Wedding Traditions

For centuries human beings have been getting married, and as long as there have been weddings there have been traditions to go with them. But a lot of these traditions were established so long ago that we often don’t remember why we do them – just that they are traditional. Some of these traditions are sweet, others are a bit sad and some are just downright strange – whoever decided the bride should walk around with a sixpence in her shoe has obviously never walked very far in heels. So why do we carry on with them wedding after wedding?

The Veilwedding photography_19A2352

The tradition of the veil means different things in different cultures, and while some don’t even wear veils, there are two cultures in which they are most prominent. In western culture the veil is a thin piece of material sometimes decorated with beads or embroidery that is worn to hide the brides face. It was often used to hide the beauty of the bride, portray innocence, virginity and ward off evil spirits from the wedding. In other cultures where arranged marriages are more prevalent, the veil held a completely different meaning. It was usually thicker, and was used to completely obscure the brides face during the ceremony. The bride would not be revealed until the groom had committed to the marriage and the ceremony was completed. Only then would the groom be allowed to see the woman he married.

Tossing the Bouquet and Throwing Confetti

The throwing of the bouquet after the ceremony was first introduced in America and quickly spread to the rest of the world. It was a way of celebrating the marriage – and the single friends of the bride would all gather around to catch her bouquet as she threw it behind her. It is said that the lucky lady to catch the bouquet would be the next to be married.

The tradition of the bouquet is fairly well known, but why we throw confetti is a bit different. It doesn’t just look good in photos! Traditionally rice was thrown, but in more modern times preferences of couples and of venues has moved towards confetti, and even more recently towards biodegradable confetti (such as rose petals). The throwing of rice or confetti was initially supposed to symbolise the wishes of the guests for the happy couple, and to encourage fertility.

Seeing The Bride

This is a tradition nearly all first time brides – even more modern ones, still honour. The groom must not see the bride on the day of the wedding until she walks down the aisle, especially if she is wearing the dress. It is thought that it will bring the couple good luck. A little known fact – the tradition also says that the couples luck will double if the groom does not glance at the dress as the bride walks down the aisle. We’re not sure about that one – we don’t know a groom who wouldn’t want to look at his bride as she makes an entrance!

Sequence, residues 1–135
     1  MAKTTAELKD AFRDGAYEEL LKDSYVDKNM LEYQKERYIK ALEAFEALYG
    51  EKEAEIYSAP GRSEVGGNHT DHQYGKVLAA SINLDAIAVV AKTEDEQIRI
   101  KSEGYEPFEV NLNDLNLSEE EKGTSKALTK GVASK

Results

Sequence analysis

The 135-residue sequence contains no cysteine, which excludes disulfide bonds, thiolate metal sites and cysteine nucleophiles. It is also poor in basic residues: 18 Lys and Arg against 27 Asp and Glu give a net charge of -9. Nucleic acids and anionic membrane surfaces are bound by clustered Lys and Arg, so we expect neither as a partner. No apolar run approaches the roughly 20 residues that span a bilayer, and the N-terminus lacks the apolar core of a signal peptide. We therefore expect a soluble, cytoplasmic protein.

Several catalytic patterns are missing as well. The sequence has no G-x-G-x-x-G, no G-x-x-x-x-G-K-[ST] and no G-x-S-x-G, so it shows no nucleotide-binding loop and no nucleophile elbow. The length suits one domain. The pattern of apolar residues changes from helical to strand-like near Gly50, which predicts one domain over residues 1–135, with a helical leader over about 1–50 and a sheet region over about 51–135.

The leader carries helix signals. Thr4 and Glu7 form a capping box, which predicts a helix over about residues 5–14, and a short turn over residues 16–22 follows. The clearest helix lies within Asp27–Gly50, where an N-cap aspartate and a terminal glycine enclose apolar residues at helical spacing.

Wedding Pearls

Pearls are something that is seen as a bit ‘old fashioned’ for a bride to wear, but they often appear as part of a theme or incorporated into the dress. To some people, pearls at a wedding represent the future tears of the couple and are seen as a bad sign, while others believe that if the bride wears pearls then she will have a happy and tear free future after her wedding.

Dropping The Wedding Rings

The wedding rings have been a traditional symbol of marriage for centuries, but did you know there is a tradition of dropping the wedding rings at the ceremony? While most couples probably drop the rings out of nerves (with a combination of shaking hands and sweat, is it a surprise?) it was actually seen as one of 2 signs. The first (and ore positive) is that dropping the rings during the ceremony is a way to shake out bad spirits from the couple before they marry, letting them start afresh. The less positive interpretation is that the one to drop the rings will be the first to die. So no pressure there!

If you know of a wedding tradition you would like us to explore, please get in touch and stay tuned to our latest blogs!

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Hello, and welcome to our blog.  Here you will find various stories and photographs from all our latest assignments; weddings, engagements, family photoshoots - the lot.  (Not to mention a helpful hint or two).

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